$450,000 to be Paid By Potato Packing Companies for Sexual Harassment and Retaliation, Training Ordered

Thursday, October 8, 2015

Question:  Would sexual harassment training have prevented this case?  See our trainings at http://www.hrclassroom.com.
Two potato packing companies will pay $450,000 and furnish other relief to settle a lawsuit for sexual harassment and retaliation brought by the U.S. Equal Employment Opportunity Commission (EEOC).

EEOC charged Smokin' Spuds, Inc., d/b/a MountainKing Potatoes, and Farming Technology, Inc., d/b/a MountainKing Potatoes, which operate a potato packing plant in Monte Vista, Colo., with violating federal law by subjecting more than a dozen women to regular verbal sexual harassment and unwelcome physical contact from a supervisor. EEOC also claimed that the companies unlawfully discharged three of the women in retaliation for refusing to submit to the harassment or making complaints about the harassment to other management officials.

According to EEOC's suit, supervisor Samuel Valdez engaged in various sexually inappropriate actions, including making sexual comments and gestures, propositioning female employees, touching them on their buttocks and breasts, and in at least one instance, pulling a female employee onto his lap. Complaints to management went unheeded, according to EEOC, and in some circumstances, women were actually fired after complaining. As a result, the harassment continued unabated for several years.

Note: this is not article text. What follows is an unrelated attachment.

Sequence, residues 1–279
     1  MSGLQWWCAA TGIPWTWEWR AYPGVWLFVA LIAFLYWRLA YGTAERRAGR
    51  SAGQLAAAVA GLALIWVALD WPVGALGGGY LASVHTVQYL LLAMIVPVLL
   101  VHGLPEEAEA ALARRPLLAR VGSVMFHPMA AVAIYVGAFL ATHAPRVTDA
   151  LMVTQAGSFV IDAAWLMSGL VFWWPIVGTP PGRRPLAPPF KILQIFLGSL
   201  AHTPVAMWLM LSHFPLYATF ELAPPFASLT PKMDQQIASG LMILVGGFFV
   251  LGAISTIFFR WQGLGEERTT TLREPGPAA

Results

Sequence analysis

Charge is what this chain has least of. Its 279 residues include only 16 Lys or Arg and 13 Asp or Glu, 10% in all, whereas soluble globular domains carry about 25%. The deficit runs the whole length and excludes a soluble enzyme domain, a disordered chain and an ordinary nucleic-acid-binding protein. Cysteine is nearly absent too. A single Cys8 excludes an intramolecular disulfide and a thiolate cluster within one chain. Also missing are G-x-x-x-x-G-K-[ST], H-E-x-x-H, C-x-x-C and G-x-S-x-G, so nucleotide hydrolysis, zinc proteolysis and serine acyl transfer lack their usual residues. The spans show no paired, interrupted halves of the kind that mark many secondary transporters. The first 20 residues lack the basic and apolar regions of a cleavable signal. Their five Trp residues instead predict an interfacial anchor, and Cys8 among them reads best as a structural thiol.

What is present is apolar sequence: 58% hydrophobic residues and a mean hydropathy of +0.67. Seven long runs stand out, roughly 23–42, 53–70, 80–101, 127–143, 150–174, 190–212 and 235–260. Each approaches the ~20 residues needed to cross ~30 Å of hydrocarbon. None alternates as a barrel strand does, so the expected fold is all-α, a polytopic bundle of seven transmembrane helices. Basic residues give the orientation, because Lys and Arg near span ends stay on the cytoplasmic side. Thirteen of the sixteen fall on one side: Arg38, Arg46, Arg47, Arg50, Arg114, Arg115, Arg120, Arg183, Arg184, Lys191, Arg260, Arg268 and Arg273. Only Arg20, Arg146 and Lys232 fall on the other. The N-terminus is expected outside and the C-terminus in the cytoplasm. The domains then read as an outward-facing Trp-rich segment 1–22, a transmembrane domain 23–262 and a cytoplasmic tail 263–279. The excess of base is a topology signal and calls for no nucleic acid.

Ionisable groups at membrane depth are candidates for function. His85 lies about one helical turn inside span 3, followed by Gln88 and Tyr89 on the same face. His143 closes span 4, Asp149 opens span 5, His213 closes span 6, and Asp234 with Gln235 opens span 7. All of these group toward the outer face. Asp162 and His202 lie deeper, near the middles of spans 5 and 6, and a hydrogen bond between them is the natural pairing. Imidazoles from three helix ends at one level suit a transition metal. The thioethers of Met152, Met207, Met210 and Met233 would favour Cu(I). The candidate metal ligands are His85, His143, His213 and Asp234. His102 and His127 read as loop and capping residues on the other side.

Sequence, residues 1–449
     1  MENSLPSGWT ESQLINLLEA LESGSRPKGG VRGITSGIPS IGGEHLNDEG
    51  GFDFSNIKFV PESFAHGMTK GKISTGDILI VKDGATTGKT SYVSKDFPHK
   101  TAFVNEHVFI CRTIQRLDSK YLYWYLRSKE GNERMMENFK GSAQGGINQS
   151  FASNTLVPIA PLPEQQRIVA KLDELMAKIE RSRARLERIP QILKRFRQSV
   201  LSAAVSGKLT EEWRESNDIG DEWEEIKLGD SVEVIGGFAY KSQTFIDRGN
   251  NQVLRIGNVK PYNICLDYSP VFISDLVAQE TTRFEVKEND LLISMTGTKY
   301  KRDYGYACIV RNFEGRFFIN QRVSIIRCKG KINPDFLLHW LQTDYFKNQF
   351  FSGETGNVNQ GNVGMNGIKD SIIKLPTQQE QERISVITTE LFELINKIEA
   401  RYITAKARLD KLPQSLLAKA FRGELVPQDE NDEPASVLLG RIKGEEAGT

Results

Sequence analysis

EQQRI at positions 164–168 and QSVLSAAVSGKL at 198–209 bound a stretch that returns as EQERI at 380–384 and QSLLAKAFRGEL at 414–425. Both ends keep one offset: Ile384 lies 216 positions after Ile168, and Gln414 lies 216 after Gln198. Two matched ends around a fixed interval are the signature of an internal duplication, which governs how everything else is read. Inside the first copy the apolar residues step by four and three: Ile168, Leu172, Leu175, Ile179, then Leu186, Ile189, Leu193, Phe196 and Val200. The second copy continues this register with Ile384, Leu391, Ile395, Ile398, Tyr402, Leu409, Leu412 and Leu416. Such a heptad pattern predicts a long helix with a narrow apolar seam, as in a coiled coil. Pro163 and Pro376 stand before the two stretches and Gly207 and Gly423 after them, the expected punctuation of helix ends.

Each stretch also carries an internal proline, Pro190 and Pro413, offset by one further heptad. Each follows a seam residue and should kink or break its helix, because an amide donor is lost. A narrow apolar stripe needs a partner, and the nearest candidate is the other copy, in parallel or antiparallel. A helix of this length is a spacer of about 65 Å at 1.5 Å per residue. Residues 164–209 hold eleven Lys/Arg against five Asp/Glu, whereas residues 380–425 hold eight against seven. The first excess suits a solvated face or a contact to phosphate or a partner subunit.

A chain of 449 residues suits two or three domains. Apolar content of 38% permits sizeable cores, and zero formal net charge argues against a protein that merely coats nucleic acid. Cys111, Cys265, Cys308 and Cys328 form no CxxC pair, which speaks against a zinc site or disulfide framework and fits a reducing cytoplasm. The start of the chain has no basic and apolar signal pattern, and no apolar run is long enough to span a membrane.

Such alleged conduct violates Title VII of the Civil Rights Act of 1964, which prohibits sex harassment and retaliation for complaining about it. EEOC filed suit (EEOC v. Smokin' Spuds, Inc., d/b/a Mountain King Potatoes and Farming Technology, Inc., d/b/a Mountain King Potatoes, Case No. 1:14-cv-02206 REB-KMT (D. Colo.)) after first attempting to reach a pre-litigation settlement through its conciliation process.

In addition to paying $450,000 in monetary relief, the defendants in this case are also subject to a three-year consent decree which enjoins them from engaging in any future employment practice which discriminates on the basis of sex, including sexual harassment, and from retaliating against individuals who oppose such practices. Additionally, the decree requires extensive training for employees, supervisors and human resources officials on employment discrimination laws; letters of regret to the affected women; posting a notice regarding employees' rights to be free of harassment and retaliation; distribution of EEO policies, including in Spanish; and establishing a consent decree monitor with various oversight responsibilities. The companies will also report to EEOC regarding compliance with the decree, and they have agreed to no longer employ Samuel Valdez.

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